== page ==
Asthma Study Targets New Data to Improve Treatment


A new asthma study will leverage real-time data in the next 10 years.

Michael E. Wechsler, MD

Michael E. Wechsler, MD

A 10-year, 10,000 patient asthma study could yield new drug and treatment plans, identify new patient comorbidities, understand the phenotypic characteristics of patients, and learn more about the pathophysiology of asthma over time.

Michael E. Wechsler, MD, a professor of medicine and a pulmonologist at National Jewish Health, and steering committee chair of the TARGET-ASTHMA study, said in an interview with HCPLive® the expansive study seeks to leverage ongoing, real-world patient data to better understand every aspect of asthma treatment.

“It's going to be a rapidly evolving field as we accumulate more and more data,” Wechsler said. “We'll get to learn more about the underlying disease and get a sense of the full spectrum of the disease. A lot of the data that we base our clinical decisions are based on clinical trial data and clinical trial data doesn’t provide all the answers for clinicians.”

Wechsler was set to appear at the during the American Academy of Allergy, Asthma & Immunology (AAAAI) 2020 Annual Meeting in Philadelphia, PA to advocate for the study, but the conference was ultimately cancelled due to the ongoing coronavirus (COVID-19) outbreak.

Investigators in the study will seek to capture additional respiratory diseases in the future, extending 3 years retrospectively prior to patient consent and 10 years prospectively.

One of the main goals of the study is to utilize medical record information with the patient’s consent. Wechsler explained that the investigators will collect both structured and unstructured medical data from the community sites, as well as on the academic side.

“We're going to build a base, which we'll be able to integrate, and we'll be able to measure the outcomes,” he said. “Hopefully we'll also be able to, at some point, collect some biorepository samples as well and try to connect the outcomes to the same metric.”

Wechsler said a main problem with clinical trials is they often exclude patients with comorbidities. He said this can skew the real-world data as a clinical trial may not include a smoker, for example, but there are many smokers who have asthma and need treatment.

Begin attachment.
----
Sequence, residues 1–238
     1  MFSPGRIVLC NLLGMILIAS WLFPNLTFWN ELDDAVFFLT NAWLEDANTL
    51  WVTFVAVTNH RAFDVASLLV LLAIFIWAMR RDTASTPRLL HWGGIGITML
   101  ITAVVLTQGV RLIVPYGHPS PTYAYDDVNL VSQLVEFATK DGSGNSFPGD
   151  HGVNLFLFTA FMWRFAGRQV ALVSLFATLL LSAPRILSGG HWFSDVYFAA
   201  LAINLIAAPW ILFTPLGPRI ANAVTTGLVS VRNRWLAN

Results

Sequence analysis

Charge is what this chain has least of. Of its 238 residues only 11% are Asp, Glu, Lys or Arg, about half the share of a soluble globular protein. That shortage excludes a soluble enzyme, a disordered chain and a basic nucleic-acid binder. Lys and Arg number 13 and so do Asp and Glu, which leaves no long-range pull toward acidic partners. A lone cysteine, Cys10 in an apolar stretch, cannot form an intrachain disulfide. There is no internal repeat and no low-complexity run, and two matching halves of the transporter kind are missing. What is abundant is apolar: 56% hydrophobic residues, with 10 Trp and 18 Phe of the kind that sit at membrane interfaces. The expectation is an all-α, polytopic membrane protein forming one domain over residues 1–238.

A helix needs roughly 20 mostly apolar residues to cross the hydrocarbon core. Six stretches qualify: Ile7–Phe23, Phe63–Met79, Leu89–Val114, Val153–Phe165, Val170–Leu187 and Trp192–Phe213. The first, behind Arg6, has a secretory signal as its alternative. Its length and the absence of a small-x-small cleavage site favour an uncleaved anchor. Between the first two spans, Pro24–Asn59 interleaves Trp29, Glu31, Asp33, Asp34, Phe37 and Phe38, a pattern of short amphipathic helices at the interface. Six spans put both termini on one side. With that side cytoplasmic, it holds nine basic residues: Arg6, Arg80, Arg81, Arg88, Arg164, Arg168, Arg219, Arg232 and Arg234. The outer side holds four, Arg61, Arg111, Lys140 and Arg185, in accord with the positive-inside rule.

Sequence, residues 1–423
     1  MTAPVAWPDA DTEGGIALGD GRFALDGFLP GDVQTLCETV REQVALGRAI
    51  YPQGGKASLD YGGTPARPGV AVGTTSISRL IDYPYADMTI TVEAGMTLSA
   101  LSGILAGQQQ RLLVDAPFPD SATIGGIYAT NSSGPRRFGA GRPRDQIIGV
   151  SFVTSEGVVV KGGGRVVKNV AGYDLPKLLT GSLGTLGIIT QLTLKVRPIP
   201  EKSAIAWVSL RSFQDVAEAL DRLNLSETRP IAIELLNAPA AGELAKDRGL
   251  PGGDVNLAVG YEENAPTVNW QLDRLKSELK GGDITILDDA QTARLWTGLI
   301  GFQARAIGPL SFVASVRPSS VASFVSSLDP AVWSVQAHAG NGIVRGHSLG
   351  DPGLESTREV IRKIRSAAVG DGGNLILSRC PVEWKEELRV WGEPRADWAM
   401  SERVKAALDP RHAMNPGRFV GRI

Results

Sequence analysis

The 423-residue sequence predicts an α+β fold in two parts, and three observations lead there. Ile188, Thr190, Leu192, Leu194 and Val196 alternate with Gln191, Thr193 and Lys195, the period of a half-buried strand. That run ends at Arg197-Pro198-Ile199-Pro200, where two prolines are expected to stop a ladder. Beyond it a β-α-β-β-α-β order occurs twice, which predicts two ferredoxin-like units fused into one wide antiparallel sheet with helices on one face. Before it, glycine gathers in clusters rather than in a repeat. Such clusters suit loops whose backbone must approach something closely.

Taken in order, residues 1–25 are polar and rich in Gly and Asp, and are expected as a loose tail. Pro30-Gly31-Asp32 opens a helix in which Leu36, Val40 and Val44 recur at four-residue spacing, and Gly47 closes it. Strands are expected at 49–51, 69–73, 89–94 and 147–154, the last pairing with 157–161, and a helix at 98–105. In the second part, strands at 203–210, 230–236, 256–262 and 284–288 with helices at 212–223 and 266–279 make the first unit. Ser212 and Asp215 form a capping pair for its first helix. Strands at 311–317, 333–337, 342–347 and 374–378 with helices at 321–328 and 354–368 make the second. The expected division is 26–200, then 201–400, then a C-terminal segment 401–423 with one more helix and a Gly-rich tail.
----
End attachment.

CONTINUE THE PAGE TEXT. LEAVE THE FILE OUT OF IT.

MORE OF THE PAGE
Clinical trials may also overrepresent a given race or ethnicity and Wechsler said the study will seek to identify underserved patient populations.

The TARGET-ASTHMA study just launched recently, with the first patients enrolled only a few weeks ago. Wechsler said the goal is 10,000 patients at over 100 sites.

The asthma study is the 7th study in a series of Target PharmaSolutions studies looking at a number of diseases, including NASH, hepatocellular carcinoma, inflammatory bowel disease (IBD), primary biliary cholangitis (PBC), immune-mediated inflammatory skin conditions (DERM), and chronic hepatitis B (HBV).

“All of these studies that are done by Target PharmaSolutions are basically studies to capture data of diseases in the real world is across multiple populations,” Wechsler said. “It's basically a platform that allows us to get information on specific disease in the real world and to evaluate the efficacy of therapies as they're come out onto the market is different populations.”

The studies not only take a snapshot of the state of disease but also evaluate different treatments over time. These studies also give investigators the ability to cross analyze different patient populations and identify commonalities.

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